A clip is a list of all stories from the folder, a blogroll is a list of blogs. If you have a lot of blogs in your folder it’s probably best to use the "blogroll".
Whether you choose to put a clip or a blogroll on your site the process is the same. Give it a title and decide how many entries it will show (don’t do too many, particularly for a clip!) "Show item notes" gives you the ability to annotate the things you share (see below).
If you’re using Blogger for your blog, just click the "Add to Blogger" button to put the clip/blogroll in your sidebar. If you’re using another platform such as WordPress, you’ll need to copy the code in the bottom window and add it manually in your site’s control panel.
The Goodies panel contains a few useful tools. These can be dragged to your browser’s bookmark bar for easy access (don’t drag them on to browsers on public computers – only your own!).
"Note in Google Reader": if you’re on a web page and you see a story you want to share and write a note about, use this button.
The most useful is probably "Subscribe as your surf". It’s an easy way of adding a website to Google Reader. Just drag it to your bookmark bar and then when you’re on a site you want to subscribe to, click it. Google Reader will open and automatically add the site to your list.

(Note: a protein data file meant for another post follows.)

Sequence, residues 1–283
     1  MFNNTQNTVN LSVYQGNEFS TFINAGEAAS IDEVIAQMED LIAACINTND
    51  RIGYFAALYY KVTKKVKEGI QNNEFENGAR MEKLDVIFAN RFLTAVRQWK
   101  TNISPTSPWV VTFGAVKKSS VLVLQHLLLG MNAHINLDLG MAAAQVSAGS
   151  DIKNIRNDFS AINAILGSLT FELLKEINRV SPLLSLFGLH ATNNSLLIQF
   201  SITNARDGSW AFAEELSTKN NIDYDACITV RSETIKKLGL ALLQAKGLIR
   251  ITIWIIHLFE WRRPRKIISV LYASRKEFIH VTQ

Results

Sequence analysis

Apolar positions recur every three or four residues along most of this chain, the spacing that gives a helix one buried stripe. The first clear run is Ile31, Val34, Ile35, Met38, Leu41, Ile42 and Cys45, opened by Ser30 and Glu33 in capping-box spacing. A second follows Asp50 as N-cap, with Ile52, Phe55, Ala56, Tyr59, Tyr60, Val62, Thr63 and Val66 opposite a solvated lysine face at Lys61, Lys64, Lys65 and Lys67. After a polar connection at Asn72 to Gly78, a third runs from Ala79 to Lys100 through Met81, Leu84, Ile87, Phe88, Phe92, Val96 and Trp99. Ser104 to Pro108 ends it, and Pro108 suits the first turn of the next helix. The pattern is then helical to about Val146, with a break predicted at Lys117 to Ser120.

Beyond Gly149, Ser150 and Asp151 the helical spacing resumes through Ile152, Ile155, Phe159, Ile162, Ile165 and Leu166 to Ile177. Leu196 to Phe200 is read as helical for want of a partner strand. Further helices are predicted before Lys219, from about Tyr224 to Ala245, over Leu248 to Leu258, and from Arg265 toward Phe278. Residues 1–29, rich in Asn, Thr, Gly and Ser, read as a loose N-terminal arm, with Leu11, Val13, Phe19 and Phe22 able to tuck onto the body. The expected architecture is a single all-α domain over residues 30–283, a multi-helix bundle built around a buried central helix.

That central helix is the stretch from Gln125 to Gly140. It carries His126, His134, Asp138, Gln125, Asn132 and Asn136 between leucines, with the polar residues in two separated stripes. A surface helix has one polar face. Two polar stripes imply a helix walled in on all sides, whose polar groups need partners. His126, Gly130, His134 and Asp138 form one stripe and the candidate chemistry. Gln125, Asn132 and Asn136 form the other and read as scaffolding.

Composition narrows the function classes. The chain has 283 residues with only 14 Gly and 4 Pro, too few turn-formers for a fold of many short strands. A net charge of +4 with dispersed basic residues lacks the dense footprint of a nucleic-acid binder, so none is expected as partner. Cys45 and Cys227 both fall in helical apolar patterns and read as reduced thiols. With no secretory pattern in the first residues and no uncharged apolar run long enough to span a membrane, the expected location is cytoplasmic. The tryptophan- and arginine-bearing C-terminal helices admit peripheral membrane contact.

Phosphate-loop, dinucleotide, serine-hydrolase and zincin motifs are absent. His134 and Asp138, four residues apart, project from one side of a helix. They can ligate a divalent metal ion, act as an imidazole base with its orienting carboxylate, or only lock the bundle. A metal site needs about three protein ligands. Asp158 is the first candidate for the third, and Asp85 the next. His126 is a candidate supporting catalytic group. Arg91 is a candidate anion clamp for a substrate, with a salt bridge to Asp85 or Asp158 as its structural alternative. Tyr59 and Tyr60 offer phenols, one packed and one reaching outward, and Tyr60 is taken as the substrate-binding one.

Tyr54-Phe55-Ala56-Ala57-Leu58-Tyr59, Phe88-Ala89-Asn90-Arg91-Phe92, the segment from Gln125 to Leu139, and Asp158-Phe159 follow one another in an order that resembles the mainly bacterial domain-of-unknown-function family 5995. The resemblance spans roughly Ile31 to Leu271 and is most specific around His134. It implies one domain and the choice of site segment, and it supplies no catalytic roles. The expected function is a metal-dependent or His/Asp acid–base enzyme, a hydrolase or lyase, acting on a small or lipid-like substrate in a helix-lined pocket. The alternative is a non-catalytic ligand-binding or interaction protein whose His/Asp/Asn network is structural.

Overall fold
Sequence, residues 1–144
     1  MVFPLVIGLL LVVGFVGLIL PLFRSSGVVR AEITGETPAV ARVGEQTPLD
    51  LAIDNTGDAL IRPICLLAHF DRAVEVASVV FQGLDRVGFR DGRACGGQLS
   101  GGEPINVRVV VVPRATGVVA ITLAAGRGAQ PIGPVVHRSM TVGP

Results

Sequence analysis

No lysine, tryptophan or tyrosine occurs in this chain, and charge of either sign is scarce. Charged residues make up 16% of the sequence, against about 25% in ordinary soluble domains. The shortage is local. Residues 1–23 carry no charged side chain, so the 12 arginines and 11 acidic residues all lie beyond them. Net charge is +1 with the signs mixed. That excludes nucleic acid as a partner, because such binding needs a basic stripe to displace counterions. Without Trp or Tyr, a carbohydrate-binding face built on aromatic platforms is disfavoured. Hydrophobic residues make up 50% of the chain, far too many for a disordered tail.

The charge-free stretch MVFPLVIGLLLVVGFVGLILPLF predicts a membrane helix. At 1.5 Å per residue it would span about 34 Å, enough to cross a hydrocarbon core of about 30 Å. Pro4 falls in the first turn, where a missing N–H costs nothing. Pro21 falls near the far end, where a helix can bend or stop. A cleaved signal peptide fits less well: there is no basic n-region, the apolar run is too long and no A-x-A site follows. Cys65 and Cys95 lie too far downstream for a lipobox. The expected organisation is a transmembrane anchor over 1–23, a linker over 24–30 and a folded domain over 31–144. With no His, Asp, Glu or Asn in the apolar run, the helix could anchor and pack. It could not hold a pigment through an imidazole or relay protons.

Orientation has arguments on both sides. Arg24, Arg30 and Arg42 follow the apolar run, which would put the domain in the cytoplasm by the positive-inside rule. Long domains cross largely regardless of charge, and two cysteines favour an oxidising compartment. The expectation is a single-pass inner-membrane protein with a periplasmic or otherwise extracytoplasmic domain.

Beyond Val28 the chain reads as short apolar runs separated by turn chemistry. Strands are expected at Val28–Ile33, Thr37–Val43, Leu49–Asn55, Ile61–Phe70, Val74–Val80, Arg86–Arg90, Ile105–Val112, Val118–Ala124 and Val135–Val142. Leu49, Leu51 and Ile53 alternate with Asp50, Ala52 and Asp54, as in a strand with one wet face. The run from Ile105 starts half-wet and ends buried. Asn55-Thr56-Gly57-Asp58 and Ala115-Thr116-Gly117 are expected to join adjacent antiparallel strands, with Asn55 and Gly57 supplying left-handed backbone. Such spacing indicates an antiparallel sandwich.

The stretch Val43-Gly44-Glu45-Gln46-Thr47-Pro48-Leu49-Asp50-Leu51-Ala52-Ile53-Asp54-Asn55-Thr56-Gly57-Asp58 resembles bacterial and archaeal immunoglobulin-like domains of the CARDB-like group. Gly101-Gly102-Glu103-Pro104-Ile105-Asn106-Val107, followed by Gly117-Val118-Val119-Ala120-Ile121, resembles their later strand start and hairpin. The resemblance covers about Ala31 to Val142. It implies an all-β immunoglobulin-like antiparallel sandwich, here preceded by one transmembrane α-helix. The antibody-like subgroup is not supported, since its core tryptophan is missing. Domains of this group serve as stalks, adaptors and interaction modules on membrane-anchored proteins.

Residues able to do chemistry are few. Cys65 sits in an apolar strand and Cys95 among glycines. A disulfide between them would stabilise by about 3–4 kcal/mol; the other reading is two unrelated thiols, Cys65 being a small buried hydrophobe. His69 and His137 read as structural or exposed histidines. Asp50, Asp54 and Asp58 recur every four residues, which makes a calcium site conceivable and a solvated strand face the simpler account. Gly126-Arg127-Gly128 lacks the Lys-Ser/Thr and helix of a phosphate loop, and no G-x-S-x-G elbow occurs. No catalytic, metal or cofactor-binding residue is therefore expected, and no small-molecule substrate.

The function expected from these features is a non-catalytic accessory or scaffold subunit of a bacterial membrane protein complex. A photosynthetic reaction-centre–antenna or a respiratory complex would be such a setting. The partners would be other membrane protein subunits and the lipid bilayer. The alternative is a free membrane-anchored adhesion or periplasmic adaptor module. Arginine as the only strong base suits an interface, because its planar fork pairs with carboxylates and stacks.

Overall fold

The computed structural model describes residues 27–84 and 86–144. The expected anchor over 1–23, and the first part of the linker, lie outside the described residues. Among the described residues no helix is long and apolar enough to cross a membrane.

When you drag it to your bookmark bar you can rename it if you wish.
Here’s the button in Safari.
Importing and Exporting
You can import and export your subscriptions. This is handy if you have a large collection of useful sites that you want to give to a friend. The file type is called "OPML"
Sending stories to Twitter, Blogger, Facebook etc
Google Reader supports several social networking platforms and these can be found under the "Send to" tab. Click the ones you use. I’ll add a tutorial on using Delicious at a later date – it’s a very powerful bookmark sharing service that you’ll find useful for dissertation and project research, and for team-based projects.
At the bottom of each story you’ll see a "send to" link. Click on it to see a list of all the services you selected in the control panel. Google Reader will open up the service with the relevent URL copied in automatically.
Once you’ve started building up a collection of sites to follow, get in to the habit of checking in every now and then. First thing in the morning, or last thing at night.
Tag articles you find interesting so you can find them later, or post about them on your own blog.
You may prefer to use an "offline reader" – this is an application that connects to Google Reader and downloads all the latest stories to read at your leisure rather than online and using a web browser. On the Mac, one of the best is NetNewsWire which comes in a free version.
On the iPhone and iPad I recommend Reeder. There are plenty of options around for other platforms as well.